Pheasant Season Preview
For some, the anticipation starts weeks before. It might be the week you step up work with the dog. Maybe it's when you check with the property owners. It could be a couple sessions with clay birds. Or it might not come until the night before, packing your gun, shells and jacket and the portable kennel for the next morning.
Then, it's Opening Day, 7:55 a.m. After a two-hour drive--or a short walk out the back door--there are a couple final sips of coffee as you stand at the field edge, talking with your partners. A few more ticks of the clock...and the pheasants await.
Pheasant season in Iowa is an event, not just a box on the calendar. It's two or three generations stepping out into corn stubble and grass waterways on the family farm. It's high stepping into over-your-head switchgrass, anticipating that whir of wings and familiar cackle.
And this year, it comes with a pretty good forecast. "We should harvest about 900,000 roosters this year. That's up about 200,000 from a year ago. I think hunters will be happy," anticipates Todd Bogenschutz, upland game biologist for the Department of Natural Resources. "Our roadside counts came back about 20 percent higher than last year. Crop harvest is running close to normal. As long as we have good weather for the opener, I think hunters will be satisfied with what they see this year."
A mild winter and typical spring boosted pheasant numbers. The august roadside counts averaged 35.9 pheasants per 30-mile route. Just once in the last seven years has that been higher. "We had a good carryover of hens. And I think we had a pretty good hatch overall," says Bogenschutz. "The eastern third of the state suffered through a pretty hard drought. It's going to impact reproduction there. Generally, though, hunters are going to see more birds than they saw a year ago."
And when hunters are happy, Main Street merchants are happy. Pheasant hunting is a $170 to $250 million dollar boost to Iowa's economy. And much of that is felt in small town motels, hardware stores, restaurants and other businesses.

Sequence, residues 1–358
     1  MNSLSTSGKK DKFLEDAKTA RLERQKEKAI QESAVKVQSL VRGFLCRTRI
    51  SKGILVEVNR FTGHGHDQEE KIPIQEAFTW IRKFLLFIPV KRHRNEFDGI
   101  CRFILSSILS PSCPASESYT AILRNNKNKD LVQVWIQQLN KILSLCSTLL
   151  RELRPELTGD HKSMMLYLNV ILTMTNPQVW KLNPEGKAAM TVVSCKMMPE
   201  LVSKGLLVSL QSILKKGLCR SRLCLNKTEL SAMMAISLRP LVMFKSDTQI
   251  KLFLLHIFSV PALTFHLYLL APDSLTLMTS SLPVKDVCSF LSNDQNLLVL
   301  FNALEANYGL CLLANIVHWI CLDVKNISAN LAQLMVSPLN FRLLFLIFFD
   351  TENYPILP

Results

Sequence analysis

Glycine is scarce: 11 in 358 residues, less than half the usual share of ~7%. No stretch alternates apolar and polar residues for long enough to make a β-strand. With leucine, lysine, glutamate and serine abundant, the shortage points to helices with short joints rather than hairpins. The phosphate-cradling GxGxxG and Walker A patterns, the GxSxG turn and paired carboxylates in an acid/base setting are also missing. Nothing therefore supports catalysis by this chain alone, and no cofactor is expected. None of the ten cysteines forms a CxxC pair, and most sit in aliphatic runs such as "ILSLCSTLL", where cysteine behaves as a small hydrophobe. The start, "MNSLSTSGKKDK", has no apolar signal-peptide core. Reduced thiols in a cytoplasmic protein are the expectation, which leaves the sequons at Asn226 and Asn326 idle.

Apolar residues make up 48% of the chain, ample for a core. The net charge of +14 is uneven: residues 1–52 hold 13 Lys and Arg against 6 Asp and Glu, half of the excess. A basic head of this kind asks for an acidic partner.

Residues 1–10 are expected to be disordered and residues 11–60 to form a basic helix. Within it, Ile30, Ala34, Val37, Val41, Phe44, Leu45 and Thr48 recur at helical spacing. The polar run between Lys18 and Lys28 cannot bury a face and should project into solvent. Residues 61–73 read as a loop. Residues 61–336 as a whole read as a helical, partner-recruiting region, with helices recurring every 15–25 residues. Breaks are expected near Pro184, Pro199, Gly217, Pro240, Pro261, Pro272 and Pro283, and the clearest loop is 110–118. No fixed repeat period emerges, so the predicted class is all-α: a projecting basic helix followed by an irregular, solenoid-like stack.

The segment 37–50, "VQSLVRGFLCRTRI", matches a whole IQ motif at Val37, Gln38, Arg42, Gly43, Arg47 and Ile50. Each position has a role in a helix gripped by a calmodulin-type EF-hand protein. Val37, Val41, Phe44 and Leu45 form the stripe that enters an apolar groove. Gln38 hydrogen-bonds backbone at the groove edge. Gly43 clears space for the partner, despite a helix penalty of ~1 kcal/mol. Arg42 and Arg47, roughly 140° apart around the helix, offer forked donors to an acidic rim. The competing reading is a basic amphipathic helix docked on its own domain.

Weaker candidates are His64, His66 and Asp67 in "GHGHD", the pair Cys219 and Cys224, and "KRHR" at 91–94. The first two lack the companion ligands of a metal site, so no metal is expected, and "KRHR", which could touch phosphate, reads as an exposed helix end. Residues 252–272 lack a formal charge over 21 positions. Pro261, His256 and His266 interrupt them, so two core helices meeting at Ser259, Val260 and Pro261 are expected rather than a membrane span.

On Opening Day, Bogenschutz steers hunters toward that habitat, if they can find it. "Look for grassy areas where birds roost; areas next to corn and soybean fields," says Bogenschutz. "The birds are going to move there for their morning meal. Usually you can intercept them moving from roosting cover to feeding areas. Late in the day, it'll be the same routine. Work that habitat interchange between crop fields and grassy cover."
Opening Day is not always a Norman Rockwell painting, though. Warm, wet or windy weather; maybe standing corn are often factors. And it was just a handful of years ago (2000-01) when ice and snow cover lasted most of the winter, leading to an all time low pheasant harvest the next fall. It is a simple reminder that habitat-year round habitat-grows more pheasants. With about two million acres of Conservation Reserve Program land out there, some areas are sitting pretty comfortably. Northwest, north central and central counties show much improved counts, over the last few years.
As usual, my opening day will be a couple days delayed. And with 4-month old Molly on the end of a leash instead of the 'veteran' Jane quartering ahead of me, I doubt if I get any real hunting done. But we have to start some where. Besides, my preseason call to the owner did confirm, 'the quail are back.' Just a covey or two, but a welcome bonus when an extra slow one gets up once or twice a season.